Monday, January 29, 2007

Engage posted this article:


What makes an anti-Semite?

By Dina Porat

In January 2005, an international working definition of anti-Semitism was accepted for the first time since the term was coined in the late 19th century. This definition, approved in June 2005 at a conference in Cordoba, Spain, is the result of a joint effort on the part of two institutions - a center established in Vienna by the European Union to monitor racism and xenophobia, and a center set up in Warsaw by the Organization for Security and Cooperation in Europe (OSCE) to strengthen the institutions of democracy and human rights among its 55 member countries.


And this is the essence of the international working definition of anti-Semitism: "Anti-Semitism is a certain perception of Jews, which may be expressed as hatred toward Jews. Rhetorical and physical manifestations of anti-Semitism are directed toward Jewish or non-Jewish individuals and/or their property, toward Jewish community institutions and religious facilities." However, why was a new, international, practical definition needed, and why did non-Jewish organizations invest ongoing efforts in discussions on its formulation? After all, there has been no shortage of different definitions of anti-Semitism ever since the term was first coined 125 years ago in Germany and they can be found in encyclopedia and lexica, reflecting both temporal and geographic circumstances.

A long list of personalities and institutions sought to define the anti-Semite and the Jew he so hates: Jean-Paul Sartre, who sarcastically defined an anti-Semite, blaming the Jews for every tragedy, as a man who fears not Jews, but himself and the need to accept his responsibility; Encyclopedia Britannica, which as early as 1966 defined opposition to Zionism as anti-Semitism, but whose dictionary still features to "Jew Down" as a verb meaning to insist on haggling and deception; the Jewish Encyclopedia, published in the United States about one hundred years ago, includes a description of Jews as being perceived by others as greedy people, who are tribal in nature, devoid of tact and patriotism, and evade hard work; or the definition of Prof. Jacob Toury, of Tel Aviv University, who in the 1970s described anti-Semitism as a manipulation of sentiments directed against an unrealistic figure for political purposes.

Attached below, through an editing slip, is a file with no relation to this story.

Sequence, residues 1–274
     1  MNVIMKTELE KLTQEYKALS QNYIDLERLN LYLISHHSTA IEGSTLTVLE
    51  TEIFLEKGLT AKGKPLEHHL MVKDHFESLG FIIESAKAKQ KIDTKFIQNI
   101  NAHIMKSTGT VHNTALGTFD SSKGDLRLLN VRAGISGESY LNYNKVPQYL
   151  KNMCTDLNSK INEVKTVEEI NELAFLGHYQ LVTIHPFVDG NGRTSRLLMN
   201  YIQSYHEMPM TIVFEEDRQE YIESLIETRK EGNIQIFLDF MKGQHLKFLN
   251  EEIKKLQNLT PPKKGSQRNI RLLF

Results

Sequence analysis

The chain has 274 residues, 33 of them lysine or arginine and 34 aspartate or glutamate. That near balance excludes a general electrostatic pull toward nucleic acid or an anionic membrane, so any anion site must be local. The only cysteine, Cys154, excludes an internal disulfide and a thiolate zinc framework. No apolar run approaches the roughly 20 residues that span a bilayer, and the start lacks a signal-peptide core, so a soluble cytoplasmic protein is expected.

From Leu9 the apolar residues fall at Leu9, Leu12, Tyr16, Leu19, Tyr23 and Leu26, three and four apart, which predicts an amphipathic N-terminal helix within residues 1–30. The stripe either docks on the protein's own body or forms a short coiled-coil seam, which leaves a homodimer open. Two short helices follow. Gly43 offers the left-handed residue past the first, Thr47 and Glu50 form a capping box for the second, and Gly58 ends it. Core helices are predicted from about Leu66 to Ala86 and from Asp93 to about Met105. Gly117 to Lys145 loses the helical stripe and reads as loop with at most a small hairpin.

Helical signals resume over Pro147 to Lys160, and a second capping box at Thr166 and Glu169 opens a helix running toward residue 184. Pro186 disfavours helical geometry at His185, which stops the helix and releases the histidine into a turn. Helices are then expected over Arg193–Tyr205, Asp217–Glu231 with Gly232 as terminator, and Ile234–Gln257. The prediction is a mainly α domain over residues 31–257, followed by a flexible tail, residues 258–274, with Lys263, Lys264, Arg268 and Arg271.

However, our focus here is not on the definitions of learned people, but on international bodies and their perception of anti-Semitism as a problem that needs fixing...


The working definition of anti-Semitism

The purpose of this document is to provide a practical guide for identifying incidents, collecting data, and supporting the implementation and enforcement of legislation dealing with anti-Semitism.

The practical definition of the phenomenon: "Anti-Semitism is a certain perception of Jews, which may be expressed as hatred toward Jews. Rhetorical and physical manifestations of anti-Semitism are directed toward Jewish or non-Jewish individuals and/or their property, toward Jewish community institutions and religious facilities."

In addition, such manifestations could also target the state of Israel, conceived as a Jewish collective... Contemporary examples of anti-Semitism in public life, the media, schools, the workplace, and in the religious sphere could, taking into account the overall context, include, but are not limited to:

* Calling for, aiding, or justifying the killing or harming of Jews in the name of a radical ideology or an extremist view of religion